access intranet after hours circle-arrow apply blog caret circle arrow close closer look community outreach community outreach contact contact us down arrow facebook lock solid find a provider find a clinical trial find a provider find a researcher find faculty find-a-service how to apply join leadership left arrow locations logo make a gift map location maximize minimize my chart my chart notification hp notification lp next chevron right nxt prev pay your bill play previous quality and safety refer a patient request a speaker request appointment request an appointment residents corner rss search search jobs Asset 65 submit a story idea symptom checker Arrow Circle Up twitter youtube Dino Logo External Link University Logo Color University Logo Solid Health Logo Solid Arrow Right Circle Book Calendar Date Calendar Search Date Diploma Certificate Dollar Circle Donate Envelope Graduation Cap Map Pin Map Search Phone Pills Podcast

No Longer a Waiting Game: New Rib Fixation Technology Enables Rib Stabilization


Dr, Evert Eriksson, trauma surgeon, repairing a patient's rib with a rib fixation device.
Trauma surgeon Evert Eriksson surgically implants new rib fixation technology that enables rib stabilization in patients with flail chest,leading to better respiration and lower rates of ventilator usage.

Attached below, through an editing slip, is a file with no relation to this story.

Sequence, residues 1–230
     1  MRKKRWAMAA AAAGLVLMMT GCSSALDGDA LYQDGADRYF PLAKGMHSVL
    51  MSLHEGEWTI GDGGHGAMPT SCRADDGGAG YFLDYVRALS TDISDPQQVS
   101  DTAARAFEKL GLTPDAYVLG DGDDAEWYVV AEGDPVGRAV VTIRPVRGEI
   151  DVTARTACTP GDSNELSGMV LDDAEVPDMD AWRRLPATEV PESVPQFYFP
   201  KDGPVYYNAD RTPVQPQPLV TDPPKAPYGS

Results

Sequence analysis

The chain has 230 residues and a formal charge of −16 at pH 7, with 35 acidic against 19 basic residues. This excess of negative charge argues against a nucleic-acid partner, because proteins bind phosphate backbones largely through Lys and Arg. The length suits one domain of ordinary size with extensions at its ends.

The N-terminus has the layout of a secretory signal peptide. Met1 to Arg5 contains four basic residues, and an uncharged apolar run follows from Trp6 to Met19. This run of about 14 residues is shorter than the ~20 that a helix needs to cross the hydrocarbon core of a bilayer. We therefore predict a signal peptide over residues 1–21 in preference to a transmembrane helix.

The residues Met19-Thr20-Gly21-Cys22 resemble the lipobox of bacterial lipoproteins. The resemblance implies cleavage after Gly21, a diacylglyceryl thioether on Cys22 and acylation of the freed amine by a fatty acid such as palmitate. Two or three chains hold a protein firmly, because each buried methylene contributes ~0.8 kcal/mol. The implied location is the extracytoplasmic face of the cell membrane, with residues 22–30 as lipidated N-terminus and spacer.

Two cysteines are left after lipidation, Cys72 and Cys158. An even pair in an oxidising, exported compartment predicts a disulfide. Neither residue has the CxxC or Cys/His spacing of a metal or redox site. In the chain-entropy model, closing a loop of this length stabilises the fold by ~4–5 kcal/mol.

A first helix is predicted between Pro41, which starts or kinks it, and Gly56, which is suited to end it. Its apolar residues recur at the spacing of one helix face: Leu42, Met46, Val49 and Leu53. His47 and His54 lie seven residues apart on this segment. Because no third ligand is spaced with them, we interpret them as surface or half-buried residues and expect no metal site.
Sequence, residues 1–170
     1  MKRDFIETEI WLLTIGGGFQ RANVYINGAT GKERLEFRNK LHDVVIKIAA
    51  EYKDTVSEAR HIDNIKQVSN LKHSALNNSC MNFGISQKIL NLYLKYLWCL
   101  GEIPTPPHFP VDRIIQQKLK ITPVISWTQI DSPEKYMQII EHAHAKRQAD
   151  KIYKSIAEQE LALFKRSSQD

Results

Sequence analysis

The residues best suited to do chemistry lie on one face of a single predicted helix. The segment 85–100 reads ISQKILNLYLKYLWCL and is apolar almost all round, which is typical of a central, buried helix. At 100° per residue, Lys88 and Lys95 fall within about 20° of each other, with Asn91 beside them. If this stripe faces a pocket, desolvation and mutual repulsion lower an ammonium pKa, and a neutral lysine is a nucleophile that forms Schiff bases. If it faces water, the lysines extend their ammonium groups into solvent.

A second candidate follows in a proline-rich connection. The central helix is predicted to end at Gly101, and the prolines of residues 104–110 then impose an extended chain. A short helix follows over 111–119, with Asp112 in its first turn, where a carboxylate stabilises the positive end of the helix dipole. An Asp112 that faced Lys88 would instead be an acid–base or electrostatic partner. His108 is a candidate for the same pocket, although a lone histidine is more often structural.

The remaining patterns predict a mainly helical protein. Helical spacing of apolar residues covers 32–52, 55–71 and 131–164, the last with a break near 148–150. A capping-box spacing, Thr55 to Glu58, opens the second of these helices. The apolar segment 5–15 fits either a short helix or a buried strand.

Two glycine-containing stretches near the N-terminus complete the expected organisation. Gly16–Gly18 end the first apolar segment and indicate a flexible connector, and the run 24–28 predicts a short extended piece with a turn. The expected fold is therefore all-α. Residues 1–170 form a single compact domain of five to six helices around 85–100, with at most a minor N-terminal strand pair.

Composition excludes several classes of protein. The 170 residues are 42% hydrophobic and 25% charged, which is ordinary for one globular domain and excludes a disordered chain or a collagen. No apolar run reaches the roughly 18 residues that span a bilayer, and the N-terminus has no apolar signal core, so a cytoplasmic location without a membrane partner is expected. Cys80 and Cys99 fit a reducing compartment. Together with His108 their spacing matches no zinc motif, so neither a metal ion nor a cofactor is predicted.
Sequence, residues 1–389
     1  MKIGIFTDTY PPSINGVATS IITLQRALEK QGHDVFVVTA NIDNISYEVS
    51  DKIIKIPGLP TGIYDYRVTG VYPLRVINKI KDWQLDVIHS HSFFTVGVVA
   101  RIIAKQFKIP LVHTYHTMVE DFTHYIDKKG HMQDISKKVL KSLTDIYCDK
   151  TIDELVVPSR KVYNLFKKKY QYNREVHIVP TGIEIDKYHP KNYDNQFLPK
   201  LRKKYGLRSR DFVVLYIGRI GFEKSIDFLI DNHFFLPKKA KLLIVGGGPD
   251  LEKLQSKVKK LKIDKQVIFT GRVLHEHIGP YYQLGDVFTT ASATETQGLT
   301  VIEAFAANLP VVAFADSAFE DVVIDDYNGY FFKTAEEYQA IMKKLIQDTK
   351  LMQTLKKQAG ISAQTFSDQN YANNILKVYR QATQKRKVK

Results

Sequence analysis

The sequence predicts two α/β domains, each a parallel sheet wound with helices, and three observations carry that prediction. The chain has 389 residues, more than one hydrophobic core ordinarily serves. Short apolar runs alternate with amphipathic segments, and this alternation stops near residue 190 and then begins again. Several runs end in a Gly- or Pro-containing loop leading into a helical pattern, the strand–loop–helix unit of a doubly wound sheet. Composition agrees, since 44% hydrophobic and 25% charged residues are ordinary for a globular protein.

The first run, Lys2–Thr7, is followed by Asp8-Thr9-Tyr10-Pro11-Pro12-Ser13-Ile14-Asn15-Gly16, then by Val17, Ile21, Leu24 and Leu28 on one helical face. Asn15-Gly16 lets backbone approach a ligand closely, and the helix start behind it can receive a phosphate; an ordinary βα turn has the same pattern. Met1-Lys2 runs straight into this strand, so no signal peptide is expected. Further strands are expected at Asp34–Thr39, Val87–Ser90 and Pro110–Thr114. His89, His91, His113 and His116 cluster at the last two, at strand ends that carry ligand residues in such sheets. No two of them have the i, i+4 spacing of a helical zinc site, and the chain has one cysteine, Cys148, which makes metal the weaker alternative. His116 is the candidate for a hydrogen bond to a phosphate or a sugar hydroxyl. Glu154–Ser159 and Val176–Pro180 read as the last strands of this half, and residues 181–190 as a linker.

Treatment for patients with complex rib fractures used to be a waiting game.

MUSC Health trauma surgeon Evert A. Eriksson M.D., remembers being taught in medical school to provide only supportive care, often including mechanical ventilation, to the most severely injured patients, those with “flail chest,” and wait for the ribs to mend well enough for normal breathing to resume.

In flail chest, at least two ribs are broken in two places, compromising the chest wall’s rigidity and leading to di¦culties breathing and severe pain. Unfortunately, due to prolonged periods on the respirator, these patients had a higher risk of pneumonia and often required narcotics for pain control.

The wait is over.

New rib fixation technology and minimally invasive techniques for its implantation enable rib stabilization in patients with flail chest, leading to better respiration and lower rates of ventilator usage.¹

These encouraging findings led surgeons to extend the use of surgical rib fixation to patients who begin to fail ventilation and to those with major chest wall injuries who do not require ventilation.

“We’re changing how we manage rib fractures,” says Eriksson. “We can now put in specially designed plates to fix the ribs and get these patients out of the hospital faster, decrease their pain and get them back to their lives sooner. Their ICU length of stay and their risk of pneumonia go down.”

The Chest Wall Injury Society (CWIS; recently conducted a survey of trauma surgeons to learn when they opted for surgical rib fixation. For patients with three or more rib fractures with at least 50 percent displacement, there was a split decision, with roughly half of respondents opting for surgical fixation and half opting for a “wait and see” approach.

The CWIS is sponsoring a multicenter trial to test whether surgical fixation improves pain control, breathing function and quality of life in these patients. Eriksson is the principal site investigator for MUSC Health, which is the second center in the nation to open the trial and currently the second highest-enrolling site.

Eriksson also serves on the national research committee and guidelines committee for the CWIS

1. Pieracci FM, et al. J Trauma Acute Care Surg. 2016 Feb;80(2):187-194.